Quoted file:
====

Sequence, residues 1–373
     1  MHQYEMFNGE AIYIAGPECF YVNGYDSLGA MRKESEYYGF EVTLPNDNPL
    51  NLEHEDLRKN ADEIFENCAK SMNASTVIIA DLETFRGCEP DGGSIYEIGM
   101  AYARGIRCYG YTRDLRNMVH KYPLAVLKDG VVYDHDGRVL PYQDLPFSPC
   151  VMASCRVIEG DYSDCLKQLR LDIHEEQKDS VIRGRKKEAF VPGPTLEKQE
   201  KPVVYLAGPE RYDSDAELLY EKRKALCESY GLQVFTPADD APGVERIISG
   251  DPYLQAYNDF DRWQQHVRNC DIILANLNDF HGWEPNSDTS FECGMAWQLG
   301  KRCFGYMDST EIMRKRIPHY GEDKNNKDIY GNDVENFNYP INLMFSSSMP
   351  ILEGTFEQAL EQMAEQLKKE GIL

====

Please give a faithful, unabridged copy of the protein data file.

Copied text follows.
Sequence, residues 1–373
     1  MHQYEMFNGE AIYIAGPECF YVNGYDSLGA MRKESEYYGF EVTLPNDNPL
    51  NLEHEDLRKN ADEIFENCAK SMNASTVIIA DLETFRGCEP DGGSIYEIGM
   101  AYARGIRCYG YTRDLRNMVH KYPLAVLKDG VVYDHDGRVL PYQDLPFSPC
   151  VMASCRVIEG DYSDCLKQLR LDIHEEQKDS VIRGRKKEAF VPGPTLEKQE
   201  KPVVYLAGPE RYDSDAELLY EKRKALCESY GLQVFTPADD APGVERIISG
   251  DPYLQAYNDF DRWQQHVRNC DIILANLNDF HGWEPNSDTS FECGMAWQLG
   301  KRCFGYMDST EIMRKRIPHY GEDKNNKDIY GNDVENFNYP INLMFSSSMP
   351  ILEGTFEQAL EQMAEQLKKE GIL